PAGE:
The question arises whether this lack of alternation in power is theconsequence of a culture—of peoples and their leaders—or whether itis the result of these countries’ social, political, and geopolitical circumstances.

It is my opinion that the feudalization of Arab regimes,the suppression of any stirrings of political life in its modern sense,and the return to older models are the results of the meeting of twoprocesses: first, the long phase of modernization “from above” thatleft societies in political and moral disarray and many citizens cut offfrom the support and reference points provided by tradition; and second,the convergence of powerholders’ interests with Western strategiesfor maintaining a strong and certain presence in this highly sensitiveregion of the globe. Thus authoritarian regimes served as a bulwarkfirst against Soviet influence during the Cold War and then against avast populist movement which, under the banner of Nasserism, opposedboth the Western neocolonial presence and the supremacy ofIsrael. Still later, these same authoritarian regimes struggled againstMuslim extremists attempting to succeed Arab nationalism by takingup its battle against a West that was blamed for Israeli expansionism,the region’s lack of development, and the persistence of authoritariangovernments.

 

Modernization in general, but more particularly when it is imposedfrom above, has certain perverse effects everywhere. Even as it reinforcescentralized power by equipping it with new technical means of organization, management, and control, modernization underminesolder sources of social solidarity and cohesion, leaving individualshelpless and adrift. Hence the state becomes stronger as it modernizes, while society grows more fragile. All transitional societies have livedthrough this paradoxical effect of modernization and found themselvesimprisoned by their respective states, or rather by the elites most closelyidentified with state power. Yet sooner or later this tyrannical dominationby centralized power provokes a revolt, and the appeal to democracyand against oppression ends up changing the system.

 

In the Arab world, particular circumstances have conspired to delaythis break with authoritarianism. The fear of a return of anti-Westernpopulism in one form or another, the desire to retain control over the world’s most important petroleum reserves, and the increasing politicaland moral support of Israel and its military supremacy—all these factorshave led the Western powers in general and the United States in particularto renew their ties with Arab regimes that seemed to display theireffectiveness.

The foundering of populism and its mass movements after Nasser’sdeath in 1970 left the civil societies of the Middle East practicallybereft of any alternative when faced with the new authoritarian powers.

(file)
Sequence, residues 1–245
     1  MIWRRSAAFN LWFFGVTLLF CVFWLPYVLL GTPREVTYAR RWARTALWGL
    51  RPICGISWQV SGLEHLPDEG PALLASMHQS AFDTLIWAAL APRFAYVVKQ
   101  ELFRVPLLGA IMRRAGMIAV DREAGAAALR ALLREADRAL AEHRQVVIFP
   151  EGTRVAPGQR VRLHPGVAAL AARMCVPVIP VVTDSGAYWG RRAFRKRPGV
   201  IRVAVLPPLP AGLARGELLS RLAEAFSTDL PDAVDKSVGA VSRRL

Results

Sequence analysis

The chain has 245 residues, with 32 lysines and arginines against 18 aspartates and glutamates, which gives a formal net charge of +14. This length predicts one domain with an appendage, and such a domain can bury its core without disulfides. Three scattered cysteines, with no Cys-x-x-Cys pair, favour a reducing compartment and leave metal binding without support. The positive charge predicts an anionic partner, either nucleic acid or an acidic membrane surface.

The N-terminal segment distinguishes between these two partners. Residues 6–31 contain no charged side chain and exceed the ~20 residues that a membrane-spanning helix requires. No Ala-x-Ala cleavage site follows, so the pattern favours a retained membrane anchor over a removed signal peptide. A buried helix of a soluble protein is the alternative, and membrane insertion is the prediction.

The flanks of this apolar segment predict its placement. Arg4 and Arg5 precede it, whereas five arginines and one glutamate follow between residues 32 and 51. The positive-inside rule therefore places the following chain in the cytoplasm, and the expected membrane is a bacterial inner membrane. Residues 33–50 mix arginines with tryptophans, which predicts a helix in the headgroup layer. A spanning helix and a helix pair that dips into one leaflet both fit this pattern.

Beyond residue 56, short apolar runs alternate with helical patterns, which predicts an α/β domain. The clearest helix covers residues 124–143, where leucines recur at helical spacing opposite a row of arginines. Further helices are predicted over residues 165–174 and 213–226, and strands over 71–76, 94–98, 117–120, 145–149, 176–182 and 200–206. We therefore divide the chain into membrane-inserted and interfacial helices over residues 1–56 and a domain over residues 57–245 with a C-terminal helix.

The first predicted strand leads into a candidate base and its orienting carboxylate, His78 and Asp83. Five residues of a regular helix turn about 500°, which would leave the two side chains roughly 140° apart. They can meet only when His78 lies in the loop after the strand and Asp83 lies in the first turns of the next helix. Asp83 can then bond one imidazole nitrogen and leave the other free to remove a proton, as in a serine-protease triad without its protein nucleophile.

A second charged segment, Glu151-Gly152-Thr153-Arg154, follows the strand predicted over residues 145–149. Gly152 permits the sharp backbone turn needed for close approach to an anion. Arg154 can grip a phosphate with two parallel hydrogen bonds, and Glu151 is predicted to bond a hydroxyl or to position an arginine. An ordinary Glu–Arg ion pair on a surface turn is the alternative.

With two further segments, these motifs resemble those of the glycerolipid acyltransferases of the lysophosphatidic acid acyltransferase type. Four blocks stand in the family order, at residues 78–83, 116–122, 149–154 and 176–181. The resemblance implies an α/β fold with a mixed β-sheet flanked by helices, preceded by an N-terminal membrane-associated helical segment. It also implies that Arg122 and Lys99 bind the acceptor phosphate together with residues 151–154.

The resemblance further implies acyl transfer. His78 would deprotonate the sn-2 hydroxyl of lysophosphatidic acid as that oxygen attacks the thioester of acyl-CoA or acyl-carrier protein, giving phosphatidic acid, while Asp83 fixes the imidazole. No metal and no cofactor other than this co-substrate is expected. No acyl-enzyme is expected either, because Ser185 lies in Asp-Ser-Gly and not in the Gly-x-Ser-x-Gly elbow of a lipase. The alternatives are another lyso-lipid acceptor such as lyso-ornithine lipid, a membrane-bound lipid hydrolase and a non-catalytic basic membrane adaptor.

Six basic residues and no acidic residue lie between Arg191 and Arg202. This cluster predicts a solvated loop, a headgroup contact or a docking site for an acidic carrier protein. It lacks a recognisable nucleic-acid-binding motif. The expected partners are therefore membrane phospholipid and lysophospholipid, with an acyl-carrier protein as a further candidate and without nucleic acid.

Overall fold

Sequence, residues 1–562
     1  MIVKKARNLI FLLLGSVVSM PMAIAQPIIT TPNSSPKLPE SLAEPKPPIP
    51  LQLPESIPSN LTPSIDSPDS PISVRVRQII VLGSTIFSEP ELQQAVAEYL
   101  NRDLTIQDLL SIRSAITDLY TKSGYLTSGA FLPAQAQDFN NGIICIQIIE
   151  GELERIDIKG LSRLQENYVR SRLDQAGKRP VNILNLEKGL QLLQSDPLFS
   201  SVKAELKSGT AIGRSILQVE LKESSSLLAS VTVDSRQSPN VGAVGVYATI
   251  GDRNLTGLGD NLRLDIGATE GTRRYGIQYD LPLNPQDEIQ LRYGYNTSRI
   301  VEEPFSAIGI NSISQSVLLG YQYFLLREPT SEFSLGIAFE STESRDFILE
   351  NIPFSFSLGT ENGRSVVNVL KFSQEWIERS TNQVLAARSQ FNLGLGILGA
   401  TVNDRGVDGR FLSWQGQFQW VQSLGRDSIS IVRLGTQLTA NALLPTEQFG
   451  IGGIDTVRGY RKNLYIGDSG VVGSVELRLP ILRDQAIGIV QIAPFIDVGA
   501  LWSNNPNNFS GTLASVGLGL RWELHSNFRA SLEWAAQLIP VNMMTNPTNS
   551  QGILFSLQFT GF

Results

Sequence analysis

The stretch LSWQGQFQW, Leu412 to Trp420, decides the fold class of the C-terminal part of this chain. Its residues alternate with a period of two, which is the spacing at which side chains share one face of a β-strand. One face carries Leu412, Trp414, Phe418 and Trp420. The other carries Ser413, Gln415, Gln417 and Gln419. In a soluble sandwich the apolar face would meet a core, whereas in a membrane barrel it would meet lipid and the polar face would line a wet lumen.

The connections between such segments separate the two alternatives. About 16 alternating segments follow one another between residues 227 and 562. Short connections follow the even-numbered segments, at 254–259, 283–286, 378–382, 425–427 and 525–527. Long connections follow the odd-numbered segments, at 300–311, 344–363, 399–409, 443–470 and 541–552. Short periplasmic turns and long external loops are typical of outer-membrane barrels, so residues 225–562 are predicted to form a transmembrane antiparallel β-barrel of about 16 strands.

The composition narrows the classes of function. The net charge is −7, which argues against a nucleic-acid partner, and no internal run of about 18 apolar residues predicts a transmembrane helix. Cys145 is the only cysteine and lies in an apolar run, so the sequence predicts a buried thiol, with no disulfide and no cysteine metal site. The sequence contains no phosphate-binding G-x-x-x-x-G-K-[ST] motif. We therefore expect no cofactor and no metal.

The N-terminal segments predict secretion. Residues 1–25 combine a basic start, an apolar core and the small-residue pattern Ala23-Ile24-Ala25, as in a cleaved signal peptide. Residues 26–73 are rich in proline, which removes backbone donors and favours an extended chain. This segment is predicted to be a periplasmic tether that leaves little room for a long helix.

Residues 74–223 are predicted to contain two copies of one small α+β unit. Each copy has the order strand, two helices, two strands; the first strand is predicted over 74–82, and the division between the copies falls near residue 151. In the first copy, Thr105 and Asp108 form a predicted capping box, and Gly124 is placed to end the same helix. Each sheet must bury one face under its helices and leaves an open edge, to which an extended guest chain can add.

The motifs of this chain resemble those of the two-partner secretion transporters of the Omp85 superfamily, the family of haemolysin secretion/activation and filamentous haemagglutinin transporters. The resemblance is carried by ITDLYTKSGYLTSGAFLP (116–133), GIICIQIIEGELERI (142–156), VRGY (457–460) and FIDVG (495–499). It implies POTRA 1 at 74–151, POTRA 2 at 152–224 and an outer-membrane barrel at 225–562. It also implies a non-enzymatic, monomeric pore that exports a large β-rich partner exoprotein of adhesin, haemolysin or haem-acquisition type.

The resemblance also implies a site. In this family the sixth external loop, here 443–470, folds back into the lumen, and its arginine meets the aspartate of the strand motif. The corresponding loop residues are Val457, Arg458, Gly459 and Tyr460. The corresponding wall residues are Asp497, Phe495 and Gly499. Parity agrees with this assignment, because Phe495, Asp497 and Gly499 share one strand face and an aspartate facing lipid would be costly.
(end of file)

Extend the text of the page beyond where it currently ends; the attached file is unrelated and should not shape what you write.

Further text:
Bolstered by the disarray of civil society and encouraged by the materialand political support of the West, those in power no longer feltuneasy. The inflow of oil and mineral rents, as well as salary remittancesfrom nationals working abroad, allowed the powerholders to discountpopular pressure. They had gained the means to create a clientelist stratumwhose backing would help them bypass the need for popular support.Endowed with considerable resources and freed from any possibility ofpopular pressure, the Arab regimes could ignore public opinion, anddid not have to worry about improving their governance or seekingpublic support. It seemed that their fate was tied to the benevolence ofWestern governments.

 

Thus it was that these regimes acquired a sense of being autonomousvis-`a-vis their own societies. Some of these rulers and governmentseven thought that they could be independent of their Western allies: Such was the case with Saddam Hussein, who has paid dearly for it. Forthe others, however, with Saudi Arabia at their head, the United Stateshas only had to brandish the threat of cutting its protégés loose to induce them hastily to elaborate so-called democratic reform programsthat would have been unthinkable just months before. The Saudi foreignminister has even, in a recent speech, found it necessary to recall that the main cause behind the crisis of Arab societies is the lack ofpopular involvement in decision making.

 

This shows how heavily the strategic options chosen by the UnitedStates and Europe have weighed—and weigh still—upon the choices ofelites, and hence upon the destiny of political systems, in this particularlystrategic region of the world. Decades of tyranny and exclusionhave left Arab civil societies highly disorganized, and they have notyet succeeded in reaching a new consensus.

 

 

A True Democratization of the Arab World?